I’ve been slowly examining all my purchasing decisions…and something that rattles around in my head every time I walk into a grocery store is Malcom Gladwell’s TED talk On Spaghetti Sauce, where he describes in detail the exact moment in the universe where we went from having a hand full of products different from each other to an entire aisle of products that are indistinguishable from each other. Why have mild, medium and spicy salsa when you can have 40 different salsas? Why on earth is there a breakfast cereal AISLE? ( hint: cheap ingredients, intense advertising, easy preparation and instant gratification.) You get the point…an over abundance of choice can easily overload one’s decision making abilities. See Moscow on the Hudson’s Coffee aisle scene.
A long time ago to help with information overload, I started cutting choices… prepared, semi-prepared, processed, fads, etc…. to be fair I know how to cook and find it pleasant, which gives me a leg up. It helps a lot when trying to control my weight, I allow myself to have anything I want as long as I cook it. I also like making vintage recipes using the original products, some of which no longer exist. I went down a rabbit hole examining heritage products….not just name brands that have been around a while… but the stuff INSIDE the packages.
I was bored one night and created a long list of Heritage Brands (products that have been around forever) and have been figuring out which ones are just labels and which are like the original incarnation. Hence I learned that LEAF is actually using the original Hydrox recipe and Oreo is well…so incredibly NOT. By looking at the oldest version of something I can usually see where the manufacturers started making economic decisions over and over again until the modern version is something else completely. I’m not as religious about being anti this or that as other people, I take things in moderation… IF i want an Oreo I eat an Oreo…It’s not like I can easily find a Hydrox, considering there’s a court case pending because Nabisco was apparently paying chains not to stock them..go figure..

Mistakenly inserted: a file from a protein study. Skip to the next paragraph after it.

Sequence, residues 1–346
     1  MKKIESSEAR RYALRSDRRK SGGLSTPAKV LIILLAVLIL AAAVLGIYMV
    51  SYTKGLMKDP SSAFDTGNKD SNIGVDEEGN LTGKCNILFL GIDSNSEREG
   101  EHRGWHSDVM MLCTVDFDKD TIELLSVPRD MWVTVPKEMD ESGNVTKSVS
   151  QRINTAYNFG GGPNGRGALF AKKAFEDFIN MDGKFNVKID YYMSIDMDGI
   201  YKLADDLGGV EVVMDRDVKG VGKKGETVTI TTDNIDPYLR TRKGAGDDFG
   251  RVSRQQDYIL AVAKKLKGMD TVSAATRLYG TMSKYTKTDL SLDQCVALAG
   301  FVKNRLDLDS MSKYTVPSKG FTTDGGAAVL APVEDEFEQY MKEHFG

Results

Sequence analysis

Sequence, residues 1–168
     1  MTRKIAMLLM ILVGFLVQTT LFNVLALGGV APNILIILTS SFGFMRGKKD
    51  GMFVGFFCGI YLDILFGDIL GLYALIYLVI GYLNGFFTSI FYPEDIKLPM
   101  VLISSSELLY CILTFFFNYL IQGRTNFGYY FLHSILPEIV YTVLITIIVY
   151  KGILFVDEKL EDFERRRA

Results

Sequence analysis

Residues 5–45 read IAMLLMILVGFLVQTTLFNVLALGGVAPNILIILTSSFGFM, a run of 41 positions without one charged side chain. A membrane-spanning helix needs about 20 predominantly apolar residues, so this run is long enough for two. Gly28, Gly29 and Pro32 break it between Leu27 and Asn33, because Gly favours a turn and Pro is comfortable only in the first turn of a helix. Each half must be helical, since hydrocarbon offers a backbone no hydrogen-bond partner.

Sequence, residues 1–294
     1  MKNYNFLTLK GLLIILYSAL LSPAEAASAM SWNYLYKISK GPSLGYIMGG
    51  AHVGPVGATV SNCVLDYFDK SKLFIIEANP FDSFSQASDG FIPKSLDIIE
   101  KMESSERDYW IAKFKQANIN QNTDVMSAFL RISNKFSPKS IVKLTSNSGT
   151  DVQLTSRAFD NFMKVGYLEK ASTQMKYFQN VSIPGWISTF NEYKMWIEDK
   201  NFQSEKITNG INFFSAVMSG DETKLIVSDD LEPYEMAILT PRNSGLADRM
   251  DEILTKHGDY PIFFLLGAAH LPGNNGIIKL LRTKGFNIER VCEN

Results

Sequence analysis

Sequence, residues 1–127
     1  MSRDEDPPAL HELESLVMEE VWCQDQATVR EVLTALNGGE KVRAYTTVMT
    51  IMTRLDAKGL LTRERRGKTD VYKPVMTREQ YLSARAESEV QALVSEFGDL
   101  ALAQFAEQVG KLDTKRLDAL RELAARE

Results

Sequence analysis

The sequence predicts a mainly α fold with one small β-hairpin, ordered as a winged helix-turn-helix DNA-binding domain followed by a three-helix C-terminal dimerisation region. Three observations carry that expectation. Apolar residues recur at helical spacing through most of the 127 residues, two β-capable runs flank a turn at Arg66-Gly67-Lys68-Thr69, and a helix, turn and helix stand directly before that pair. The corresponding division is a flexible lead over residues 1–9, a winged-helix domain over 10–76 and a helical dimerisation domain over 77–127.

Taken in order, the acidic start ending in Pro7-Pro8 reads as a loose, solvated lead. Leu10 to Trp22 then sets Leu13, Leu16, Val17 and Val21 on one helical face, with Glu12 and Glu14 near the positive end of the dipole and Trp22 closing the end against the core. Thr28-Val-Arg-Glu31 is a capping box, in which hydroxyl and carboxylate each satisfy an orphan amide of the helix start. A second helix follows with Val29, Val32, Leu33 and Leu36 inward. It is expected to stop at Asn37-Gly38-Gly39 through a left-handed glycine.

There is a MEME on facebook showing the Heinz US and UK Ketchup labels side by side – showing corn syrup products versus sugar, causing outrage……which makes me laugh.. people think it’s HEINZ fault for the recipe variations…when it’s OUR fault. Government corn subsidies make it cheaper for big agro to use Corn syrup products instead of sugar which brings the product price down so that the best selling corn syrup product becomes the american standard……..Americans want EVERYTHING sweet, so there’s more sweetener in the bottle, we also apparently are willing to pay for more liquid in our products so that everything flows out of the container and we don’t have to smack it on the bottom or stick a knife into it…. (hint kids…squeezeable products are ones with more WATER) To tap into the anti-corn-syrup market Kraft Heinz created a ‘Vintage’ line that uses sugar, does not flow easily out of the bottle and also tastes much tarter than usual.Besides making cocktail or barbecue sauce, I use ketchup on TWO things: scrambled eggs and meatloaf, so I go through about 3 bottles a year.
I like to buy things that very basic or ingredients…I spend a lot of time reading labels in the grocery store. In the case of gherkins, it means reading absolutely every label…every US brand had corn syrup, only the imported brands do not. I finally found some from Poland at Big Lots. Imported Dollar Store products like jams and jellies contain sugar, because they are made in places like Egypt outside BIG Agro’s reach. So finding some things takes a bit of hunting… which is also something Americans don’t want to deal with…we want to walk into the grocery store nearest us and buy our weekly shop; it takes up too much time to find a bottle or this or a jar of that. We want to spend no time at all making that decision.
If you can list every product you buy on a regular basis (this really shouldn’t be that hard,) you can premake your decisions and figure out how to source the things that you really care about. It starts off hurting the pocket book buying things with better ingredients each and every time, but it causes one to trim spending in other areas. In the end the number of name brand products I purchase are fewer and fewer every year, I think they taste better and become more important ingredients. I am certain I make a ketchup bottle last longer when it costs me more.